Tuesday, June 29, 2010

insight.

...

Pitchfork: So this record feels a bit darker content-wise. Maybe moodier or even a little angrier at times. What sort of stuff do you draw upon when writing?

James Murphy: Really? I guess I don't think of it like that. But it's whatever I'm stuck thinking about usually, that's the problem. Sometimes you get stuck thinking about the same thing for four songs and there's not much you can do. Whatever seems emotionally dense or funny or stupid. More often than not, it's just whatever you're stuck with.

Pitchfork: There's a lot of self-awareness to the music. Do you consider yourself an introspective or self-critical person?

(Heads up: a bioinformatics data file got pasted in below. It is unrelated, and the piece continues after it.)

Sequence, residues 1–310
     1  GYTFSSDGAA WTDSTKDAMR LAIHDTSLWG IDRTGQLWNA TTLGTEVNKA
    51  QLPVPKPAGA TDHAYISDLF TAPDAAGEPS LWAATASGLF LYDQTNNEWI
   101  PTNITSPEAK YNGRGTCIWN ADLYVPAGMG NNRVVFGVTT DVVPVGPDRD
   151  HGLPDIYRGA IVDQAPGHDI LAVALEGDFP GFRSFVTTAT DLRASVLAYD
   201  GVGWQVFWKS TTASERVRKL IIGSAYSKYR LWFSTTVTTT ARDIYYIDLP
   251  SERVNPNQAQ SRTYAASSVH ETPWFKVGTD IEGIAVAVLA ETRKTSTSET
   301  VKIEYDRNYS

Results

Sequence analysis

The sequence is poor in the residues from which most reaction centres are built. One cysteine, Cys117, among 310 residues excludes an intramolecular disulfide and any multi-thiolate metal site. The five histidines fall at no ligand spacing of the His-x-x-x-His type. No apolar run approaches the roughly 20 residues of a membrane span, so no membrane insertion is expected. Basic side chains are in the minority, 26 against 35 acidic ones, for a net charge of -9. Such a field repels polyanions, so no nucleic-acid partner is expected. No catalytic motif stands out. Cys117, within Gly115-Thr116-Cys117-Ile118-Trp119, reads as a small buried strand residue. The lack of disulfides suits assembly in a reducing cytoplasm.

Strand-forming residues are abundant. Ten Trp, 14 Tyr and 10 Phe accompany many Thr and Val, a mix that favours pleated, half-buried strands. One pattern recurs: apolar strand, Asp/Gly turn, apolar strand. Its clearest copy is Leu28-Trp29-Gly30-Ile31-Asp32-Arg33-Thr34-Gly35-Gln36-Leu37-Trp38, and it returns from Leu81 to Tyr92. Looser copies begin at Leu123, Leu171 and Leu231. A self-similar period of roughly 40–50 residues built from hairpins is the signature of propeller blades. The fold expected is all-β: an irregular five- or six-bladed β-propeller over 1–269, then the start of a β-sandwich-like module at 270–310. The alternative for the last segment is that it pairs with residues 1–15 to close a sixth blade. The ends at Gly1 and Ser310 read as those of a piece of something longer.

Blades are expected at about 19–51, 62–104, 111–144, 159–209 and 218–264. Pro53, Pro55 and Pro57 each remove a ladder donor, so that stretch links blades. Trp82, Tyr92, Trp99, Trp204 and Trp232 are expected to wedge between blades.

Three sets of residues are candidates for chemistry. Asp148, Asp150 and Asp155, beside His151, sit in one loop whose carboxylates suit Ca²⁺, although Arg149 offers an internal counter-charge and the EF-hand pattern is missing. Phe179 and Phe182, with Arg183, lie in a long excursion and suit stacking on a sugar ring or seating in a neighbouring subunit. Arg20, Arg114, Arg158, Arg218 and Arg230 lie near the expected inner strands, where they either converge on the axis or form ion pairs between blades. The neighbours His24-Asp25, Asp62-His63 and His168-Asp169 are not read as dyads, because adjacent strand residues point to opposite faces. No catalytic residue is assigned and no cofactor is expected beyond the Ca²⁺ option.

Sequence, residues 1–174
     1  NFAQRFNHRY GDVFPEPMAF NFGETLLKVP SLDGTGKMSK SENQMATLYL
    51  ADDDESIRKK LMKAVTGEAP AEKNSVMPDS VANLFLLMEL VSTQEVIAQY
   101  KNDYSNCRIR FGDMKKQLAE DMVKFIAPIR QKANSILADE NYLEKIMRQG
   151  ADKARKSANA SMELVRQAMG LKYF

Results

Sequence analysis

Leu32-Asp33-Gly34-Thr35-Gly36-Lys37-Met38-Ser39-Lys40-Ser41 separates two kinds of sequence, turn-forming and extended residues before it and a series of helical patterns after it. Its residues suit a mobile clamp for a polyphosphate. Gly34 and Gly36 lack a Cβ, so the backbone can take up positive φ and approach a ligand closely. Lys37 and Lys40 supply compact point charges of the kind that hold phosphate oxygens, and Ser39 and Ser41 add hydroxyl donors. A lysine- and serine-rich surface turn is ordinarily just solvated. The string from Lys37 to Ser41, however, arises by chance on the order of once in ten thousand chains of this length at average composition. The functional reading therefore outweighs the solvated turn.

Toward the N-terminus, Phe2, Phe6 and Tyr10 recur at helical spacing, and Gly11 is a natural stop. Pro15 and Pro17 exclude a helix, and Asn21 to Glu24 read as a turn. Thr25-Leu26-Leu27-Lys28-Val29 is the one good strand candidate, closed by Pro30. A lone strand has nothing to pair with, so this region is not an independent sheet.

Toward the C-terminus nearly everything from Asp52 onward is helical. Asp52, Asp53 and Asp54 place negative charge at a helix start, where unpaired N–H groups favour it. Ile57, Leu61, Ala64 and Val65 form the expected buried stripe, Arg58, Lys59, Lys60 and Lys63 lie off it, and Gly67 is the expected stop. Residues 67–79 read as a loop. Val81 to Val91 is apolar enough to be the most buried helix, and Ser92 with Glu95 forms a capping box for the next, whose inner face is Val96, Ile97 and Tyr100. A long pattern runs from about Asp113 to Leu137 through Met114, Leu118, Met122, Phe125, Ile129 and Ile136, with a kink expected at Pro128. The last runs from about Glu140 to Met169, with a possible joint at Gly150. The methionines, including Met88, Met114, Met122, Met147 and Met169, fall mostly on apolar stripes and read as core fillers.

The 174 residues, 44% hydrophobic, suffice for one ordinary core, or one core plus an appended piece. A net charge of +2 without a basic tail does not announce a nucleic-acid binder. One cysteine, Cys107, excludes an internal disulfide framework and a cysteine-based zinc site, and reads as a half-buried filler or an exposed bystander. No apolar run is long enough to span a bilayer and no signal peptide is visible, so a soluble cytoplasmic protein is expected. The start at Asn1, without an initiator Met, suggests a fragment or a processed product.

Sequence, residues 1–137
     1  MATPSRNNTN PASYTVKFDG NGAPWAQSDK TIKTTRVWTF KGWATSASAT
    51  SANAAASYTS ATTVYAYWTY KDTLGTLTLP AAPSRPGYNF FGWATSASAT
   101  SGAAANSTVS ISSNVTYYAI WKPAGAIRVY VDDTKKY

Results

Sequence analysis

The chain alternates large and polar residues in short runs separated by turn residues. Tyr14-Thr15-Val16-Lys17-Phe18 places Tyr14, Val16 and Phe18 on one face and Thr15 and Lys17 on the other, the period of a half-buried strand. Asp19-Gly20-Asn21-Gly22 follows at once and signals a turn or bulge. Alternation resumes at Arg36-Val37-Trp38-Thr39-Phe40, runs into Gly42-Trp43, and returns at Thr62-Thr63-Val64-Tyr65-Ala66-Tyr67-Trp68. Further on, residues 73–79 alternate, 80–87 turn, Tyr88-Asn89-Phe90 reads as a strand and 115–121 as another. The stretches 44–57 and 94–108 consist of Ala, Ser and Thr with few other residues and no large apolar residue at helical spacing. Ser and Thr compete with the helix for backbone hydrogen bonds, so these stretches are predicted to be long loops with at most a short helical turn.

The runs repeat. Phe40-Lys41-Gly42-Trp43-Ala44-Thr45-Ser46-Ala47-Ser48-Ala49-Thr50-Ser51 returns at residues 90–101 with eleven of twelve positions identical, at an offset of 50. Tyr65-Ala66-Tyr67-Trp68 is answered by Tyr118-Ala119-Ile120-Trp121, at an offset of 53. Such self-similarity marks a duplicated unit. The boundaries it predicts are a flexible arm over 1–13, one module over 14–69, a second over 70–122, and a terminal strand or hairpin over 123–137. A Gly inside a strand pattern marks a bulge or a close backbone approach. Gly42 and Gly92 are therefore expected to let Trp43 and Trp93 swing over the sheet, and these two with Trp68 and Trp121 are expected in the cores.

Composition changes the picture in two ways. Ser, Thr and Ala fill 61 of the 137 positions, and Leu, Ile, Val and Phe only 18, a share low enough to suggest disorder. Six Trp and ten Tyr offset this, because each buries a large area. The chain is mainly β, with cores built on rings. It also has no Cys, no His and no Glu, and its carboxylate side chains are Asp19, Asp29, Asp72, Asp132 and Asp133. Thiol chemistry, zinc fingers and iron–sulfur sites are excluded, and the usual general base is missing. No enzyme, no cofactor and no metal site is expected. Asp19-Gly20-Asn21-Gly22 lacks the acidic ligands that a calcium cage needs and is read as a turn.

JM: I don't know that I'm introspective or self-critical. But…

Pat Mahoney: Self-obsessed.

JM: Self-obsessed, yeah. Really suck the air out of a room! We're talking about me, right?

More just like, there's a lot of erasure-- and I don't mean the band-- with how we all talk to each other, where everything's kind of balanced. In other words, there's nothing wrong with being a piece of shit or being stupid. So it's not self-deprecating in my mind to say that I'm stupid or a piece of shit because there's no judgment. It just seems normal to me because that's how we all talk to one another.

Pitchfork: But there's some analysis in there too. Are you the kind of person that spends a lot of time thinking about social interaction?

JM: Yes. Yes, I spend a lot of time thinking about social interaction. A ton of it. Always have. I find it endlessly fascinating and gross and awesome.

...

complete

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